Kyzyl Asker South Pillar - interview with Nicolas Favresse
Interview with Nicolas Favresse after the ascent, carried out together with Sean Villaneuva, Stéphane Hanssens and Evrard Wendenbaum, of the South Pillar of Kyzyl Asker (China) last September.
As previously reported, at the end of September the climbers Nicolas Favresse, Sean Villaneuva, Stéphane Hanssens and Evrard Wendenbaum climbed a beautiful 1400m line, all free up Kyzyl Asker in China. At the time they knew that their chosen line up the South Pillar touched on the Russian route, established over 8 days in 2007 by Alexander Odintsov, Alexander Ruchkin and Misha Mikhailov. On their return the Franco-Belgian team compared route lines to find out more and the result is that the two teams chose very similar lines, so much so that after touching upon each other, from Camp 3 to the summit the two are pretty much the same identical line. These things happen - especially when you choose "the best looking, most obvious line" - and this detracts nothing from the overall experience that the four endured for 14 days on the wall. "Maybe we could define ours as an alternative start seeing that we started at the base of the 400m pillar instead of avoiding this by ascending the snow ramp" explained Favresse, adding "The point though is that the climb is spectacular. The Russian ascent was done in a very nice and impressive style, they climbed the pillar and took almost everything to the top before going down the other side. Impressive..." As impressive as the experience of Favresse, Villaneuva, Hanssens and Wendenbaum which is a great mix of climbing and alpinism, adventure and suffering. And also, in pure Favresse and Co style, music and fun!
Nico, Kyzyl Asker was not your original plan. Why did you change idea and why did you eventually settle for this peak?
In fact we had no plan. We had simply heard that this area had lots of potential with virgin walls and peaks. So we spent the first week just exploring all the valleys, looking for cool objectives and hoping to do a few lightweight alpine pushes. During the first week the weather was particularly unstable so all attempts to climb were aborted by daily heavy snow storm. We found many cool walls but most of them plastered with snow and ice, unless South facing. We saw Kyzyl Asker for the first time at the end of our first week of exploration and it had all the ingredients we needed for a cool ascent. It is south facing, very long, very tall, perfect rock and a beautiful line. Plus with the unstable weather we knew our best option would be to go big wall style to take advantage of even the smallest weather window.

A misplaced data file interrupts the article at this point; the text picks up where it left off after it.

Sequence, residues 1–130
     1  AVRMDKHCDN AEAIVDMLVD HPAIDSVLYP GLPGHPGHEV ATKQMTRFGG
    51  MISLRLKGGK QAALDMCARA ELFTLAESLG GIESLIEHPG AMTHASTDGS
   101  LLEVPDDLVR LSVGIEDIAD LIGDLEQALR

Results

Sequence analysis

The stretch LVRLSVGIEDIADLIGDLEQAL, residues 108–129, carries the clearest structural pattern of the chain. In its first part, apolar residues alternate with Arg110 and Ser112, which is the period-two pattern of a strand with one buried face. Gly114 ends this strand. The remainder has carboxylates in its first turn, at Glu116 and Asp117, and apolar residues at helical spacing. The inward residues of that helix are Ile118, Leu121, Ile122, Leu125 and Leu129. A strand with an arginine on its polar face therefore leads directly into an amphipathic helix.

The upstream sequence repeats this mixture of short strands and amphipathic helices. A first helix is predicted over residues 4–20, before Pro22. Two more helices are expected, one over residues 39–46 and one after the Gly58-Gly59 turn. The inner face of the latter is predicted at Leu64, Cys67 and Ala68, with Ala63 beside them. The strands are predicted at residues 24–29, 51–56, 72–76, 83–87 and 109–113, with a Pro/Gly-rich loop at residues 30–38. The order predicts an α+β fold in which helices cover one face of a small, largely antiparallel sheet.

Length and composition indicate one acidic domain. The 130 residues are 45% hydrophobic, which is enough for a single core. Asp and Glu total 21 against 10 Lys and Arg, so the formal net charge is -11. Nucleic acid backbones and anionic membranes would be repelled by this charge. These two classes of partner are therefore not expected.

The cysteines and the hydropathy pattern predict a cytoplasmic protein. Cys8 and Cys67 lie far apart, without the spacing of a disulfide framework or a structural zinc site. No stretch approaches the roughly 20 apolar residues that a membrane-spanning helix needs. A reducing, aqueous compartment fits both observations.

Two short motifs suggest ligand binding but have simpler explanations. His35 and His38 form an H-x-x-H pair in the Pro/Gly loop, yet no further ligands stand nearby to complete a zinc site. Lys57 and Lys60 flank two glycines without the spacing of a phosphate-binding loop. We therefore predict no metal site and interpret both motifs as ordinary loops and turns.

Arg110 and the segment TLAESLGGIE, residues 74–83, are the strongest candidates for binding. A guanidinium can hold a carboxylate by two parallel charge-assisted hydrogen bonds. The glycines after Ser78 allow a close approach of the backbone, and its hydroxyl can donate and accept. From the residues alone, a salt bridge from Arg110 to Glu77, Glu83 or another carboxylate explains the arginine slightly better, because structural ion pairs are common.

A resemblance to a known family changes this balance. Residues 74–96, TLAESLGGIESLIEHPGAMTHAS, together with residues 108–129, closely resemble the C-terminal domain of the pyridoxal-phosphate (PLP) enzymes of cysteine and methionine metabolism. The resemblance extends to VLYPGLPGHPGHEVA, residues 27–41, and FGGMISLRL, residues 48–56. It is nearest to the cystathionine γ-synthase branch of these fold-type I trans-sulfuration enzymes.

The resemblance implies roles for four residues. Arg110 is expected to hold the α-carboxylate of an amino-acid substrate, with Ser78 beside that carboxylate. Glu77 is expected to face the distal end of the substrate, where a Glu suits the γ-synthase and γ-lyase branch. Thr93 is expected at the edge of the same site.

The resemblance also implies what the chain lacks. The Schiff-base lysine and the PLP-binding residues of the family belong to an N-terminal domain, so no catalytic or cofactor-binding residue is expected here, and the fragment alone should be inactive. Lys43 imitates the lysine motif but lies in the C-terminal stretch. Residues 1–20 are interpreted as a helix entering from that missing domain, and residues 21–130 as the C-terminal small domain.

How did you choose your line? Were you aware of the Russian route?
We chose the South Pillar because it's clean, safe, steep and the best looking line to our eyes. There were really no other lines we hesitated with. It is the obvious, best one! We knew about the Russian route but we were not sure exactly where it went. On the upper part of the wall we saw a few pitons so we knew the Russians had passed by there, but at the same time it was the obvious line and there was no logical alternative so we chose to climb what felt natural to us.
So before setting off, what did you expect?
We thought it would be technically a lot harder, but it is never easy to anticipate the difficulty beforehand. The hardest rock pitch was of about 7b. There was one perfect overhanging splitter crack that Sean worked and almost did, but it wasn't the line of weakness. It was simply a perfect pitch of big wall cragging, right next to our second portaledge camp. It was harder than all the rest and in the end we had to keep moving so we returned to the obvious line of weakness in order to continue with the free climbing challenge. Having said that, doing hard free climbing with those cold temperatures was very difficult indeed! Every night it was about -15°C, while at the very warmest time of a perfect sunny day our thermometer would show -5°C. This meant we could only do some hard free climbing when there was no wind and some sun, and by the afternoon our bottles of water were just a block of ice. We certainly had not excepted such cold conditions. And there was also a lot more mixed climbing than expected.